Pollock: There are two, maybe three instruments. First, we have a big infrastructure inside the scanning electron microscope where we do some very specialized versions of digital image correlation while we strain. And then in many cases we take those samples and use femtosecond lasers to slice the samples micron by micron, by ablation, to construct 3D data sets. You can see what's going on at the surface, but you want to know what's going on just beneath. The ultrasonic fatigue system is separate — It's something we've been working on for about a decade. The innovation there, is the controls for the instrument, which make sure you can keep samples from heating in an uncontrolled way. We've also had a lot of collaboration with the University of Michigan, where I used to be before I came to Santa Barbara. So, it's another technique that we've been working on for many years.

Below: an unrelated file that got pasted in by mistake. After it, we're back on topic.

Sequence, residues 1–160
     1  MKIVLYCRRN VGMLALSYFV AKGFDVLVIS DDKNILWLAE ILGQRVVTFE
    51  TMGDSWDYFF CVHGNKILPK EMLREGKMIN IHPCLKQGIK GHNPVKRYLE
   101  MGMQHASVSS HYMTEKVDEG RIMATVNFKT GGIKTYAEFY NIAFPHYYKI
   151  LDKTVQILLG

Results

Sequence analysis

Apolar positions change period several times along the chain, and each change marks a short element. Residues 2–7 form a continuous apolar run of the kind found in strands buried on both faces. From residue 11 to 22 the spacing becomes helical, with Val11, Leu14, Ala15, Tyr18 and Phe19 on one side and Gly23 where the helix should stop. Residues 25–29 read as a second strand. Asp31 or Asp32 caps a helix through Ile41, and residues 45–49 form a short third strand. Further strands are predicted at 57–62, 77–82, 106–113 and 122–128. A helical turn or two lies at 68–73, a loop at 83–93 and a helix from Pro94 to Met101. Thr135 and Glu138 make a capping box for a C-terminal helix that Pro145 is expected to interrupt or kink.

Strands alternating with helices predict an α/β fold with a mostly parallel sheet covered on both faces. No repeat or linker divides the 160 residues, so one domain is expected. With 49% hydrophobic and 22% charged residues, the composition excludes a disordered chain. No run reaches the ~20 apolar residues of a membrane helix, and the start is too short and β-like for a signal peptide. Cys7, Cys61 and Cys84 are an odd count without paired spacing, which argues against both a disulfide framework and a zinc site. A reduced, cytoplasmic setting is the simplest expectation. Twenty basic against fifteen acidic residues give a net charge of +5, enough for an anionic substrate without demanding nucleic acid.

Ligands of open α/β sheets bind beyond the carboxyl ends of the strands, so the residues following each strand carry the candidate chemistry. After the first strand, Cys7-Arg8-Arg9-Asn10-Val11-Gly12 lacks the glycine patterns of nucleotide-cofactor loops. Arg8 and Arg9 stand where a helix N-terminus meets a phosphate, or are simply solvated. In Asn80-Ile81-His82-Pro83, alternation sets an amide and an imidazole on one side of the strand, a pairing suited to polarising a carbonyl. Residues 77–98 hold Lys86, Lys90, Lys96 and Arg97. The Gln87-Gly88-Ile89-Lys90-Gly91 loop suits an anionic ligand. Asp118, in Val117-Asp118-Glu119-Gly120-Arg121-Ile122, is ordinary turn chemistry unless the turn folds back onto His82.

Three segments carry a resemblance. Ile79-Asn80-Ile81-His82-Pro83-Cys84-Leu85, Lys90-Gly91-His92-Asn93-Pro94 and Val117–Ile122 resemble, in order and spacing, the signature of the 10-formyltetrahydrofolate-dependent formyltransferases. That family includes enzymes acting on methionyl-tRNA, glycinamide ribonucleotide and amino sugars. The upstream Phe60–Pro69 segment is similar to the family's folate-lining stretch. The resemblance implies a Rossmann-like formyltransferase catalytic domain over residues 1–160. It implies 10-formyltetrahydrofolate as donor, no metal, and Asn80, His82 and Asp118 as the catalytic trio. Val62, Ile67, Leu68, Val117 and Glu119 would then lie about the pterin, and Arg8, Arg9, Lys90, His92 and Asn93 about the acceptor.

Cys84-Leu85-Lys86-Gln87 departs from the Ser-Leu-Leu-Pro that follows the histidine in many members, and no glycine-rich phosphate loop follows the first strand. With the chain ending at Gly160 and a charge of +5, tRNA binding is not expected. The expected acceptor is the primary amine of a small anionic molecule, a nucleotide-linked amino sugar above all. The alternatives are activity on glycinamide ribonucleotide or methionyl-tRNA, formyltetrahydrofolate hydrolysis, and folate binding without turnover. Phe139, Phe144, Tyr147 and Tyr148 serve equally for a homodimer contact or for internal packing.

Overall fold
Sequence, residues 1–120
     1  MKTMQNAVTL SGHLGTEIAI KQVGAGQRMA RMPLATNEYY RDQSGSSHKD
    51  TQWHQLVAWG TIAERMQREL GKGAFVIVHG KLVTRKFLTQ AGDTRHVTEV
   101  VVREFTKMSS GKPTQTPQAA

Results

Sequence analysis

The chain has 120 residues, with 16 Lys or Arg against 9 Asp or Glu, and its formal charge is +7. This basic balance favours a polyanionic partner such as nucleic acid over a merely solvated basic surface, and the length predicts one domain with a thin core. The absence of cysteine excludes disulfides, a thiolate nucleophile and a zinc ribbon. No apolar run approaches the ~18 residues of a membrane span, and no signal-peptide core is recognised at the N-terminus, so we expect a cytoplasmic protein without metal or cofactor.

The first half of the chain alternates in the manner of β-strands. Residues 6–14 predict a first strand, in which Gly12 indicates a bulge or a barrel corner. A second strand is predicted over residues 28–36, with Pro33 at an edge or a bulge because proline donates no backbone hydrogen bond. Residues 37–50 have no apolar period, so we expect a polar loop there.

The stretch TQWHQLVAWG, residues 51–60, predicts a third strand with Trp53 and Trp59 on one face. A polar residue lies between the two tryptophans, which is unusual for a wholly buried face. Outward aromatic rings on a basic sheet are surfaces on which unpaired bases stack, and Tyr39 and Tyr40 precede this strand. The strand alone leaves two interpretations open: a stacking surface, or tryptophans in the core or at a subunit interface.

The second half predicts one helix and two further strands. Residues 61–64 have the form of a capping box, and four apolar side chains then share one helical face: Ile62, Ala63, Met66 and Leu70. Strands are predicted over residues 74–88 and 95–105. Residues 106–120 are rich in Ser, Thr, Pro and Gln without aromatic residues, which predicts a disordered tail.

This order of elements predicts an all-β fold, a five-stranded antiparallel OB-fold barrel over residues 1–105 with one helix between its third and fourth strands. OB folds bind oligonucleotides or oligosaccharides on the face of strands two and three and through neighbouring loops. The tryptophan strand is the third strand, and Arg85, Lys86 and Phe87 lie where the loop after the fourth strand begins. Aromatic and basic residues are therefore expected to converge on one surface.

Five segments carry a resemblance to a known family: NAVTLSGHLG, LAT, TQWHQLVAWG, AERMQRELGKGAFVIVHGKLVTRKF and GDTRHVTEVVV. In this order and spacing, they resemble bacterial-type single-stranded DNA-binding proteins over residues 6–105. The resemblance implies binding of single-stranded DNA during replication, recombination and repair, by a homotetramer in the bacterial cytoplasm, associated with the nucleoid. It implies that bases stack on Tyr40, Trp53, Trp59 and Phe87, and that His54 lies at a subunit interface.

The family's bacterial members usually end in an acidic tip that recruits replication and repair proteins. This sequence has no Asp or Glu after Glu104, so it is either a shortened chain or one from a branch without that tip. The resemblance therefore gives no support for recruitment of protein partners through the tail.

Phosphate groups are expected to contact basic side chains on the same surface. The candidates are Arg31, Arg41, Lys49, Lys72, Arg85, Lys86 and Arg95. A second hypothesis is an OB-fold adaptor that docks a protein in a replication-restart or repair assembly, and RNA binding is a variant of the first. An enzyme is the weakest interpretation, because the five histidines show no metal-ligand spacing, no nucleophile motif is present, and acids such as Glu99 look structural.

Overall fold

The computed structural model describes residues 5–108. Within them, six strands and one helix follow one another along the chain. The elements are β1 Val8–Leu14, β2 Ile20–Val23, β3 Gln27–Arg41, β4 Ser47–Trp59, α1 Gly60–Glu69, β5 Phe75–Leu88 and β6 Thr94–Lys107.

Tech Briefs: You’ve said that the phenomenon has to do with slip bands — what are they?

Pollock: Anytime you plastically deform something — say, take a bar and bend it — the way that you accommodate that plastic deformation process is by the motion of line defects that are called dislocations. If you have a whole bunch of dislocations following each other on a single plane, then you get this very localized slip band. When you get that very localized deformation, it ultimately creates a crack. That's been known for a long time, but there's not been anything known about it as quantitatively as we've been able to look at it. Being able to analyze the amplitude of the displacements that occur in those slip bands has led us to better understand the problem.